Even in the worst of the afternoon sun, it provides enough shade to keep the sun from shining in the sliding glass door, and it just makes the deck feel more private and enjoyable:

So there you have it! So... has anybody else out there ever used a sun sail? I'd love to hear how you attached yours...

Monday, June 16, 2014

The View From My Bike

I fear I haven't been very diligent about posting recently, but I've been busy riding my rear end off! Seriously, CatMan and I have been riding an average of 2-3 rides per week, each one 45-50 miles. Anyhow, it hasn't left me with a lot of time or energy for much else, not that I'm complaining, mind you!

So I figured I'd post a few photos of our rides over the past few weeks, so you might get a small taste of the bliss I've been enjoying!

First of all, this is my beloved bike path. This is my "meet up" spot with CatMan where our many adventures begin:

Bike Trail along the South Platte River in Denver
The South Platte trail is the main "artery" of our greenway system. The river is running VERY high right now because the mountains got an incredible amount of snow this past winter and now it's all melting. Add to that the very wet and rainy spring we've had and well... let's just say we've had to wade through some river water in a few spots!

There's been a lot of wildlife out on the trails recently, but alas, the animals tend to be quicker than my camera is, so I haven't gotten many good shots. But there were two young deer hanging out by the path last week who were remarkably tame, so I got a good shot of one of them.

Aside from the deer we've seen foxes and coyotes (more on that later) as well as the standard squirrley squirrels, "foofers" (cottontail rabbits) and "meepers" (prairie dogs). We've also rescued a few garter and bull snakes from certain "squishitude" as they were sunning themselves on the path.

One of our favorite destinations is Chatfield State park which is the southern most point of the South Platte bike trail.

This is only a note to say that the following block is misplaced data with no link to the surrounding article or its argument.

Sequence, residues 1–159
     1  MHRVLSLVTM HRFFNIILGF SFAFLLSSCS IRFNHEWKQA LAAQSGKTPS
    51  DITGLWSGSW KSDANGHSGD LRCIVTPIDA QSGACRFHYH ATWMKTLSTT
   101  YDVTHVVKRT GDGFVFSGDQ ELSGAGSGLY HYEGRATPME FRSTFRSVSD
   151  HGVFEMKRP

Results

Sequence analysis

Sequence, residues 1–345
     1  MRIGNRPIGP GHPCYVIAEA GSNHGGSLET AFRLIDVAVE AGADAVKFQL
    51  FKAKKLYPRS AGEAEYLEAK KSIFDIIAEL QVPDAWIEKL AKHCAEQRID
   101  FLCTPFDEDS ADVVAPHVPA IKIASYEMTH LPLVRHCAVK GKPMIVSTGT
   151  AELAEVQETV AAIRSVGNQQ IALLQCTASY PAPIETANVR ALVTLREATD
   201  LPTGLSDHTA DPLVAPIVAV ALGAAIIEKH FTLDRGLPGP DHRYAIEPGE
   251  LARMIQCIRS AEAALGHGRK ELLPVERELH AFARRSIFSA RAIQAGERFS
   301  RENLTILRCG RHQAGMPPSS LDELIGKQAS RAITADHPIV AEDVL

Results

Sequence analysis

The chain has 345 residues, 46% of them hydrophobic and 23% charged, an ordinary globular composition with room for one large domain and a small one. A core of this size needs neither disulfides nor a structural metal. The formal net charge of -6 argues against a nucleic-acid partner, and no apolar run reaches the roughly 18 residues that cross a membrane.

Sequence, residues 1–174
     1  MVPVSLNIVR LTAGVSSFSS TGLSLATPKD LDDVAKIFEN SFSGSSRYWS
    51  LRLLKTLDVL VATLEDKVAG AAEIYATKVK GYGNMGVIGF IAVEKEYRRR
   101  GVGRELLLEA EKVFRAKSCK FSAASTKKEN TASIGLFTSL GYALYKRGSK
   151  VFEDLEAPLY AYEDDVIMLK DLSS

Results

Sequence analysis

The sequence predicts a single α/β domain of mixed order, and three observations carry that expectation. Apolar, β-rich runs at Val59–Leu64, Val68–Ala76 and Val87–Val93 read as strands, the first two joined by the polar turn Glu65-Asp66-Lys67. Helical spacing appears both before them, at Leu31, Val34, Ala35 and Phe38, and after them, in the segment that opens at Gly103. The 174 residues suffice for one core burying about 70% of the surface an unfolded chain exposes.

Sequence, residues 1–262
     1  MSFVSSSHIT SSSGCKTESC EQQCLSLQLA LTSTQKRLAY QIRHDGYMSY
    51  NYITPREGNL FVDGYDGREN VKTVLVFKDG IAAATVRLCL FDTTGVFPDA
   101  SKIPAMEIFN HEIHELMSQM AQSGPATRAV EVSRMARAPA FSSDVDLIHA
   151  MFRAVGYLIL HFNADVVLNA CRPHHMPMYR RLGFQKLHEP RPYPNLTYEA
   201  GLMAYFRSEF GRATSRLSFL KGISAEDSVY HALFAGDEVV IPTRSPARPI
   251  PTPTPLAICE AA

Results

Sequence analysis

Chatfield Lake - which is really a reservoir
I've been obsessed with finding a route that goes all the way around the reservoir, but alas, it doesn't seem to exist. But the adventures have been fun, and the scenery is beautiful:

The Swim Beach at Chatfield
Prairie south of Chatfield looking toward Waterton Canyon
A random old cottonwood tree that I liked

Another of our favorite destinations is to head west up Bear Creek toward Red Rocks and the town of Morrison. That was our destination today and it was a beautiful ride, though I have to say the uphill section is a long hard slog. There's about 700 feet of elevation gain over about 7 miles to get to the top of Dinosaur Ridge, and while that wouldn't be too bad if it was a steady slope, it's more of a rolling up and down sort of thing with some seriously difficult "ups!"

By the time we got to the top of Dinosaur Ridge I really thought I was gonna keel over from a coronary. It didn't help that some spry young racer fellow zipped past me like I was standing still. Sigh. Anyhow, when we got to the top CatMan took pity upon me and we stopped for a rest and a geology lesson.

Rocks at the top of Dinosaur Ridge
Sorry the photo is blurry, but I wanted you to see the bizarre round thing in the rocks. CatMan was teasing me saying it was a dinosaur egg, but apparently it's a sandstone formation known as a "concretion."

Anyhow, from this point there was only one more big hill left through Red Rocks Park - so I guess when you factor that in, it's about an 800 foot elevation gain, but there is a nice downhill rest before you get to Red Rocks.

Red Rocks Park seen from the top of Dinosaur Ridge
I don't know if you can see it in this photo or not, but if you look in the foreground near the center of the picture you can see a tan colored house. Some dear friends of mine live there, and that's where we had the reception after my mom's memorial service.

Anyhow, from Red Rocks we rode through the little town of Morrison and then up and over the Bear Creek Dam (OK, I lied, that's another pretty big hill) and then we cruised home on the Bear Creek bike path.